The brown pelican is a large bird that is common on our coastline in summer and fall. It can also be found resting and feeding on the Willapa National Wildlife Refuge in such places as Willapa Bay and Leadbetter, where the species is usually seen roosting in large numbers on the beach, or mudflats. It also likes to sit on pilings in our harbors.

Brown pelicans are graceful fliers and are often seen flying in long stretched-out lines very close to the water. They rise up with each flap of their wings and then glide down to be close to the water again.

The pelican is quite an entertainer, especially when it is feeding. It hunts fish from very high up in the air. Upon seeing its prey, it plunge-dives all the while twisting and turning its body as it plummets into the water to capture a small fish. It is the force of the impact that stuns the small fish so the bird can easily scoop up the tasty morsel.

The brown pelican was not always common along our coast. In bye-gone days it was one of the victims of pesticide use, and was almost brought to the brink of extinction by it. Luckily, the species recovered and can now usually be seen in fairly large numbers, but not this year. They are scarce on the Pacific beaches of the Long Beach Peninsula, out on the ocean in squadron formations and on the Willapa refuge. (Some still are present, especially in the Columbia estuary.)

Scientists tell us that the brown pelican has been expanding its range as far north as British Columbia, Canada as it feeds along the coasts of Washington and Oregon in summer. Nesting on East Sand Island, for example, has been well documented during the past few years. Normally, it nests in southern California and Mexico and then comes northward to feed after the breeding season is over.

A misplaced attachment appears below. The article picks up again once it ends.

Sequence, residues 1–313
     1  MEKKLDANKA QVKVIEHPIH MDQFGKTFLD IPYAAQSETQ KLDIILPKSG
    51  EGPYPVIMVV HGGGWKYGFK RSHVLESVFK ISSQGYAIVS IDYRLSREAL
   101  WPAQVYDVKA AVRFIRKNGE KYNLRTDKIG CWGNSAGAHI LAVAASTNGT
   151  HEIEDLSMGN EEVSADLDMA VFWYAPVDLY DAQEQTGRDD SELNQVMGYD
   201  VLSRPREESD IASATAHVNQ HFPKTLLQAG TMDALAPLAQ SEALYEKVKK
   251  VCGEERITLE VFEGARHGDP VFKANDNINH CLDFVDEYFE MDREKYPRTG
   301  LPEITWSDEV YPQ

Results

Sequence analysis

The population of brown pelicans is still somewhat endangered even though it made a remarkable recovery after the banning of DDT in 1972. There are several issues that have plagued this species in recent times. Some brown pelicans stayed with us for too long and died in winter storms. In addition, according to scientific research, food sources and climate change appear to be impacting the full recovery of the brown pelican. However, scientists agree that the pelican’s situation is complicated due to the interaction of all of these factors.

As we know birds and animals, in general, tend to follow their food sources. It is speculated that the brown pelican is/was moving north because the food sources in its breeding areas declined. Does this mean that their food source here is beginning to wane or could it be that there has been a substantial increase in their favorite small fish such as menhaden, mullet, anchovies, herring and sailfin mollies in their breeding areas? Perhaps they are just behind schedule and will eventually turn up here in larger numbers. It is a mystery to be sure? No one knows the exactly why we are seeing so few brown pelicans this year. It is to be back to being on the endangered species list as it was prior to 2009. Its counterpart, the white pelican, on the other hand, is being seen more often in our area. This discussion is for another day. Next week perhaps?

In the meantime, look for this magnificent prehistoric looking bird as it glides with its squadron over the water. It has a large, dark body and a huge bill with a red or olive colored pouch. You can’t miss it!

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